One of the few minuses to this year's Mystery Hunt was a surprising lack of flavortext. A few puzzles here and there offered up some minimalist flavortext, but nothing like in years past. I understand the objections that Setec Astronomy posted in their livejournal blog, but disagree with the overall condemnation.

My own philosophy towards flavortext is that:

A) It should convey part of the story behind the puzzle, whether it's an independent puzzle or part of a larger set. Certainly Ucaoimhu's cryptics (such as Underground Enigma 3 cryptic "F***, It's a Cryptic") could be introduced much more succinctly, but the background provided more of a raison d'etre to the puzzle, a more pronounced sense of involvement with the theme. Well-written flavortext, like any writing, should engross the reader without presenting the reader with tangents and distractions.
B) It should confirm "a-ha"'s or provide additional cluing, but not be the only source of cluing. An otherwise excellent idea for a puzzle involving cliches from the 2004 MITMH was hampered by the reliance of the reference to the Prophet's Birthday as an indicator to take certain words. This is way too indirect, mostly because lengthy flavortext can lead solvers in untold different directions.
C) If it is the only source of cluing, make it short and sweet. An excellent 2003 MITMH involving an Etch-a-Sketch and opposites clearly indicated in the flavortext that opposites were part of the puzzle.

Flavortext doesn't have to clue at all however. It can provide a thematic backdrop for the puzzle, and again drop hints, but it shouldn't distract the solver, or rely on those hints for solving purposes.

Spoilers Ahead

Thursday, February 24, 2005

The puzzle "groove"

One of the things that sometimes intrigues me as a puzzle constructor is how the creative process involved in creating puzzles is very much a product of not only who I am (background, interests, and tastes), but also whatever state I happen to be in. If I'm "in the groove", things go well; if I'm not, I might as well go watch TV, or trim my toenails, or whatever. I think one of the reasons things work this way for me is because for me, puzzle construction involves a type of focussed play. Sometimes my current state affects my ability to engage in this focussed play, in which case my ability to construct is also affected.

Today was a rather extreme example of this. I had my puzzle binder with me in my satchel on the bus, and I was able to construct quite happily and productively on both the half-hour bus trip to work and the trip back home. (You might laugh, but it's usually relatively quiet, and for the most part the trip lacks interruptions or distractions.) I had planned to work on something else construction-wise after supper - the crossword puzzle for my almost-monthly regular crossword gig - but the people I share my house with were tired and cranky (and one was not feeling well either) and there was a modest amount of tension in the air for a little while. I tend to pick up on other people's tension very easily, and tonight was no exception. Sure enough, I lost the relaxed state I had achieved earlier in the evening, and the evening was a washout from a constructing perspective, even though I had been constructing productively just an hour or two earlier.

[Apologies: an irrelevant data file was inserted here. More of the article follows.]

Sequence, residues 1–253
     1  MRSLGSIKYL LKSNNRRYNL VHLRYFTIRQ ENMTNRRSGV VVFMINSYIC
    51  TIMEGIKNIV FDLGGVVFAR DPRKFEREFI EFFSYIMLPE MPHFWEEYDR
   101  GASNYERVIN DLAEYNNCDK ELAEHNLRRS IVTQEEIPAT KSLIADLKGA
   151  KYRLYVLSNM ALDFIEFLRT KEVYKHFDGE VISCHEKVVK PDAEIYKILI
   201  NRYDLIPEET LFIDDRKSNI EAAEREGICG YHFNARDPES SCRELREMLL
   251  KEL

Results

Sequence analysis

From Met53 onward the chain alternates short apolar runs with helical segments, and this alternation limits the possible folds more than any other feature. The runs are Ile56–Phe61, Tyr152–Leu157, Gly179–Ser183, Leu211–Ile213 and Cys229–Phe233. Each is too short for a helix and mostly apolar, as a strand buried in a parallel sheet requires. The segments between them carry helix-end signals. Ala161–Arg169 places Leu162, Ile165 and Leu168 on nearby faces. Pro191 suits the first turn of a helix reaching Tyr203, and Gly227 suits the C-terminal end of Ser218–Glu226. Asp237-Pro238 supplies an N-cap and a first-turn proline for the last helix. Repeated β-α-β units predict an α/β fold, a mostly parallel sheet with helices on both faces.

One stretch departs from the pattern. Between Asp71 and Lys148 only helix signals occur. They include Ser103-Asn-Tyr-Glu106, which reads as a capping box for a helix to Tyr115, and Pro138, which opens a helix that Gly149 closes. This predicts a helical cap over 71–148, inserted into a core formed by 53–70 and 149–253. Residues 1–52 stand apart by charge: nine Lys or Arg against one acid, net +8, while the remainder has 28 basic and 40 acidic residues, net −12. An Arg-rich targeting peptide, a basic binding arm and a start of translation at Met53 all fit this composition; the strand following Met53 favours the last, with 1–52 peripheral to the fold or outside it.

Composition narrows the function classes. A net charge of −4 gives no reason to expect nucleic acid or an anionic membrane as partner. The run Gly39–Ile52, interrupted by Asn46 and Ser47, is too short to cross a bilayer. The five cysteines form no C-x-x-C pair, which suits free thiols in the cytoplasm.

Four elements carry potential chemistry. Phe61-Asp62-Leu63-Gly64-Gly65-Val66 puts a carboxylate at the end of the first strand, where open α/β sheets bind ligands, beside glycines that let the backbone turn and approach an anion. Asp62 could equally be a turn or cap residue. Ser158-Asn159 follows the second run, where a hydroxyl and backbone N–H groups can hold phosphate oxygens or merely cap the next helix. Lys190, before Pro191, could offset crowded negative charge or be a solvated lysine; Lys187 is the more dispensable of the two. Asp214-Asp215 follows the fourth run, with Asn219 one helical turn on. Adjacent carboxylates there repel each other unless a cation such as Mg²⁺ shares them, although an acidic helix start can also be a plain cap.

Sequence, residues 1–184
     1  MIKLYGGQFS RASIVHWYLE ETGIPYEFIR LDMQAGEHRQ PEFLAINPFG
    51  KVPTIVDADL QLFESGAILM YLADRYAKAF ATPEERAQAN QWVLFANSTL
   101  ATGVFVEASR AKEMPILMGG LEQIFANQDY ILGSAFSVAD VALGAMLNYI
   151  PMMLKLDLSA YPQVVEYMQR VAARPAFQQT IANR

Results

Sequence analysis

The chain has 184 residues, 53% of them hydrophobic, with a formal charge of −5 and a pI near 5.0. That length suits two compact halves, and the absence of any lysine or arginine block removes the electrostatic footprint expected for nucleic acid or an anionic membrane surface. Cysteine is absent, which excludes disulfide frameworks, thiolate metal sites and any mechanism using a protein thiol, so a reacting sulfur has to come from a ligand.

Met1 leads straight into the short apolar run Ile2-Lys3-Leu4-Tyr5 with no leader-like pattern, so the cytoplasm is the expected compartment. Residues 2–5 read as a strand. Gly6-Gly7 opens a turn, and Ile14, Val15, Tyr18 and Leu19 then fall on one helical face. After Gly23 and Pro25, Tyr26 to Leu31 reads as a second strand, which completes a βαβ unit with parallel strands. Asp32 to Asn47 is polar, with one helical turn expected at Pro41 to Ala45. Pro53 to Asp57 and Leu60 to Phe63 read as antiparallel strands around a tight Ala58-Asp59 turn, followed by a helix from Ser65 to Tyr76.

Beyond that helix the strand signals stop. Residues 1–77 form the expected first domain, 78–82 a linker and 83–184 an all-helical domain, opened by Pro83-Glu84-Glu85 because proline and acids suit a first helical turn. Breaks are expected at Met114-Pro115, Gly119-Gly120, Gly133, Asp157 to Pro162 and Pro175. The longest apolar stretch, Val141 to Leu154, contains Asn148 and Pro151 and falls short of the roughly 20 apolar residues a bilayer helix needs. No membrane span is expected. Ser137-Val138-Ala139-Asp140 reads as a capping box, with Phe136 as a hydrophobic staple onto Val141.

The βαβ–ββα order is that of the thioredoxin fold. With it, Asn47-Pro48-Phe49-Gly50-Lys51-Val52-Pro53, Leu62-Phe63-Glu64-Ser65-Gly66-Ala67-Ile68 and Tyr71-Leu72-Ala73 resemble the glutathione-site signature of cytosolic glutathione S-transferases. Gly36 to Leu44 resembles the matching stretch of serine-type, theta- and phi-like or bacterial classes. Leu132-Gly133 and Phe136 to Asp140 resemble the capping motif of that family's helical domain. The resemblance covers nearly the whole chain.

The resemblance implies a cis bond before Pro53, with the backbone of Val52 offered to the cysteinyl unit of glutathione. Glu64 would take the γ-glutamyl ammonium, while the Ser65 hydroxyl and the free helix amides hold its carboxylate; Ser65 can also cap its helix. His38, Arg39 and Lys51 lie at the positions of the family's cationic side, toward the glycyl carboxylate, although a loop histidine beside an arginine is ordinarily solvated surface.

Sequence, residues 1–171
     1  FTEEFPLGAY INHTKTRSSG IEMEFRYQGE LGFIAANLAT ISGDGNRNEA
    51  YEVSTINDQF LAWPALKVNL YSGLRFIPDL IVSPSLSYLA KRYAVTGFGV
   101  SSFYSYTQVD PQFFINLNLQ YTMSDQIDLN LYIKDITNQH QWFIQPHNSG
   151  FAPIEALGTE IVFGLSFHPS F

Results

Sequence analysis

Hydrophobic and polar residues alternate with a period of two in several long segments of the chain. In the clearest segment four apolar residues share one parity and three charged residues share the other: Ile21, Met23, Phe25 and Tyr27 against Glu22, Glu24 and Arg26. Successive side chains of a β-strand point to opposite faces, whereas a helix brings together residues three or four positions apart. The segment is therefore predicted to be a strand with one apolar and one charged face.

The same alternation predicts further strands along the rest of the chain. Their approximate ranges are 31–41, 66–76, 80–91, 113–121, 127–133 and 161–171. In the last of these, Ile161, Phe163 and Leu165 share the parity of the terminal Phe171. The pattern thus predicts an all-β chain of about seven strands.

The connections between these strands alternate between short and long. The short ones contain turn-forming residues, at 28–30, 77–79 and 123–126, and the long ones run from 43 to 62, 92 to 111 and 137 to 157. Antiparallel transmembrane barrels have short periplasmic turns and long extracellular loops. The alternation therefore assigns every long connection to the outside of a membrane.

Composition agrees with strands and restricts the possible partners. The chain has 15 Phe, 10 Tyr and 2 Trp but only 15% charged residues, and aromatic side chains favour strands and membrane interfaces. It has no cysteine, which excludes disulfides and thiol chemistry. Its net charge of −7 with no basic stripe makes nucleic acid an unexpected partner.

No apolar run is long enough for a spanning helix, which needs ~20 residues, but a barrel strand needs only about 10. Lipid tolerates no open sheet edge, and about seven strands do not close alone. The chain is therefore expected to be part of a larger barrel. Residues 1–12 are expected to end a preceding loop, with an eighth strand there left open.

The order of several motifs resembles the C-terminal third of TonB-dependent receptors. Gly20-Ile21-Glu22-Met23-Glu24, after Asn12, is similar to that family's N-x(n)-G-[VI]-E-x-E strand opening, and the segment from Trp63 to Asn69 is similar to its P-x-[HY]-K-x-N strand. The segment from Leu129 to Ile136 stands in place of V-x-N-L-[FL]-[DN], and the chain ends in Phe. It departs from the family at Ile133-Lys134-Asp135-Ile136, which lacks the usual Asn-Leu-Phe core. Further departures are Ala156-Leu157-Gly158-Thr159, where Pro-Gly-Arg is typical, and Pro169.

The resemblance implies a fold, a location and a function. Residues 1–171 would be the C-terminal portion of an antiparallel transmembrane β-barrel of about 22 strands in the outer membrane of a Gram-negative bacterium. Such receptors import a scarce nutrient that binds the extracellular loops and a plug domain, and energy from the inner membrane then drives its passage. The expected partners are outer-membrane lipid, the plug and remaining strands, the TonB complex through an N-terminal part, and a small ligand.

Another side effect of this is that the more I'm in the puzzle-constructing groove, the more I tune other things out, and that includes people. Fortunately, my housemates are very good about this, but I do have to be careful about not ignoring other people (like my girlfriend).

-- Craig K.
Spoilers Ahead

Teeny Tiny News Tidbit

For those of you who pre-ordered the Banned Crosswords book that was being pre-sold at the American Crossword Puzzle Tournament in Stamford last year, the preordered books have just been mailed out on Wednesday, February 23rd.

(Via the NYTimes forums.)

--Craig K.
Spoilers Ahead


In my personal blog, I wrote (vaguely) about creating a blog about puzzles. This is it. The mission statement is on the main page:
A group effort exploring the design and aesthetics of puzzles from the points of view of creators and solvers.
Of course, I'm the entirety of the group, right now, but that should change shortly.

My goal, right now, is to start a discussion about what puzzles are, how creators and solvers approach them, what makes them good or bad, what makes them clean or broken, and what makes them fun or excruciating. The scope of puzzles will be wide. This blog won't focus only on crossword puzzles or pencil-and-paper puzzles. Puzzles of all sorts, including logic puzzles, video-game puzzles, mechanical puzzles, etc. will be included.

In doing all this, the blog will try to keep readers linked to puzzle content on the Web; it will also try to stay up to date with non-Internet puzzles too. And because the people who work (or will work) here have other interests, you can expect to find occasional diversions into games, trivia, language, math, and other areas.

So, welcome. Let's see if this can stay afloat until July.
Spoilers Ahead